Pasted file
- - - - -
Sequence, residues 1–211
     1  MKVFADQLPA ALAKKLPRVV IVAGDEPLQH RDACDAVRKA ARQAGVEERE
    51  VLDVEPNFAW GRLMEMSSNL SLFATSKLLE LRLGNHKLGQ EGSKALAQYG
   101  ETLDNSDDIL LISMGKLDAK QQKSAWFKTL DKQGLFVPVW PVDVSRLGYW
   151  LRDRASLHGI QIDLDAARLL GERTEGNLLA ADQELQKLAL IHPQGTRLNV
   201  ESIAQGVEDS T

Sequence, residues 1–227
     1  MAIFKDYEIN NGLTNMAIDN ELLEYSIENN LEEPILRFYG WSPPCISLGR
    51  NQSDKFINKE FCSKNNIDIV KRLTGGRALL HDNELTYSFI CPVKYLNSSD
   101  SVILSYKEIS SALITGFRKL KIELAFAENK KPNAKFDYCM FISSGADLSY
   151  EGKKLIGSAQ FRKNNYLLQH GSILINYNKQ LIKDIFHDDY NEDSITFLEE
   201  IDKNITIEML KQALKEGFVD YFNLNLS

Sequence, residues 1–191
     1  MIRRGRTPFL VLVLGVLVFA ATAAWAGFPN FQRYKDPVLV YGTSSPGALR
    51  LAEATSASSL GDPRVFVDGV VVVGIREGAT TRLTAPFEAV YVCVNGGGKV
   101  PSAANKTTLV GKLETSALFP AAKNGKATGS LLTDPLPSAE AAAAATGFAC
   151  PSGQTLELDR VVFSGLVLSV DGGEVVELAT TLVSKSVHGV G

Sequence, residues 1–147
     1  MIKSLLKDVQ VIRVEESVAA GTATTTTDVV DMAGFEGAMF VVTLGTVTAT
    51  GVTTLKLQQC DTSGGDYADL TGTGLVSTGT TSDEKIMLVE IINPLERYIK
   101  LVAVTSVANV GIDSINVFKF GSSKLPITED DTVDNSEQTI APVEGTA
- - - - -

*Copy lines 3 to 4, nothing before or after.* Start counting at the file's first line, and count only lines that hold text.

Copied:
    51  VLDVEPNFAW GRLMEMSSNL SLFATSKLLE LRLGNHKLGQ EGSKALAQYG
   101  ETLDNSDDIL LISMGKLDAK QQKSAWFKTL DKQGLFVPVW PVDVSRLGYW